June 6, 2001
by Tom G. Palmer
Tom G. Palmer is a senior fellow at the Cato Institute in Washington.
Here's what California Atty. Gen. Bill Lockyer said at a press conference about Enron Corp. Chairman Kenneth Lay: "I would love to personally escort Lay to an 8-by-10 cell that he could share with a tattooed dude who says, 'Hi, my name is Spike, honey."'
Here's why Lockyer should be removed from his office of public trust: First, because as the chief law enforcement officer of the largest state in the nation, he not only has admitted that rape is a regular feature of the state's prison system, but also that he considers rape a part of the punishment he can inflict on others.
Second, because he has publicly stated that he would like to personally arrange the rape of a Texas businessman who has not even been charged with any illegal behavior.
Lockyer's remarks reveal him to be an authoritarian thug, someone wholly unsuited to holding an office of public trust.
But his remarks do have one positive merit: They tell us what criminal penalties really entail.
Contrary to some depictions of prisons as country clubs, they are violent and terrible places. More and more politicians propose criminal sanctions for more and more alleged misdeeds, and as a result ever more kinds of behavior are sanctioned by criminal penalties, perhaps now even selling electricity. Those found guilty of such crimes are put into cages, where they are deprived of their liberty and dignity and, as Lockyer so clearly acknowledged, raped and brutalized. What's worse, Lockyer has indicated that he believes that rape is an appropriate part of the system of punishments he administers.
Should it matter that Lay is a businessman? Imagine the outcry if the head of Enron were female. What would Lockyer's fellow Democrats have said to that?
Should it matter that Lay is chairman of an electricity generator? Does the nature of his business justify threats to escort him to his own rape? Lockyer told the Los Angeles Times that he had singled out Enron's chairman because the Houston-based company is the world's largest energy trader.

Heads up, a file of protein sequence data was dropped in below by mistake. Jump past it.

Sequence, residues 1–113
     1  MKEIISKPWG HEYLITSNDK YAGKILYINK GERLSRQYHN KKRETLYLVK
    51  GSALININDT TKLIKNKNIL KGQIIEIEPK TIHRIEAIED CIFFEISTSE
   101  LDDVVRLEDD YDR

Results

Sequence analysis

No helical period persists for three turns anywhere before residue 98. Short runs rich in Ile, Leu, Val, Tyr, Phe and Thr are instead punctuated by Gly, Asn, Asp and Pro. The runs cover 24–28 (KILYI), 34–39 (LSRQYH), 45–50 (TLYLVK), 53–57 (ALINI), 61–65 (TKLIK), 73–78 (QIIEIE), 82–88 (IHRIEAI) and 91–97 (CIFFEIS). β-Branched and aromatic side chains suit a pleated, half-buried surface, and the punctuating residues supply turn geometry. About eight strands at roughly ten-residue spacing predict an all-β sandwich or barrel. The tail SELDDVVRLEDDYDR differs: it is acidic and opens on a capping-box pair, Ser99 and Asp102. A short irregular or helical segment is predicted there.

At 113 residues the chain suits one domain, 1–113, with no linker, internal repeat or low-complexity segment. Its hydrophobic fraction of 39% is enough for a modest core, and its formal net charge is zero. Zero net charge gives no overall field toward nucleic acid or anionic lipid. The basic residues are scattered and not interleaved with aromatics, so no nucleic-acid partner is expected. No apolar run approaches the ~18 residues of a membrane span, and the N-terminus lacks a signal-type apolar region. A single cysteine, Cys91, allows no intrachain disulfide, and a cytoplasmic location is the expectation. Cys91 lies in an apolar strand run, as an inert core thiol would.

So apparently singling out a man for a heinous threat is OK because he's the chairman of the world's largest energy trading company. That's according to the man who, as a state senator, sponsored California's 1984 hate-crimes law. Evidently the crusader against intimidation on the basis of race, religion and sexual orientation feels no hesitation at all about intimidating someone and threatening him with the brutal use of physical force simply because he heads the world's largest energy trading company.
Lockyer and Gov. Gray Davis seem to think that the best way to keep the lights on is to threaten electricity producers with brute force, rather than to offer to pay competitive rates in competitive markets. Are energy producers to blame for California's energy problems? No. Bad policies, including rigid controls on retail prices of electricity, are the cause of the problem, not the people who generate energy. Scapegoating producers and threatening them with violence is an old ploy of authoritarians. Californians should not stand for it.
An Enron spokesman said that Lockyer's chilling stated desire to arrange the rape of Lay does not merit a response. The spokesman is wrong. Lockyer's remarks merit public disgrace and removal from office. After all, rape is not a form of legal justice in America-- is it?
This article originally appeared in The Los Angeles Times, June 6, 2001.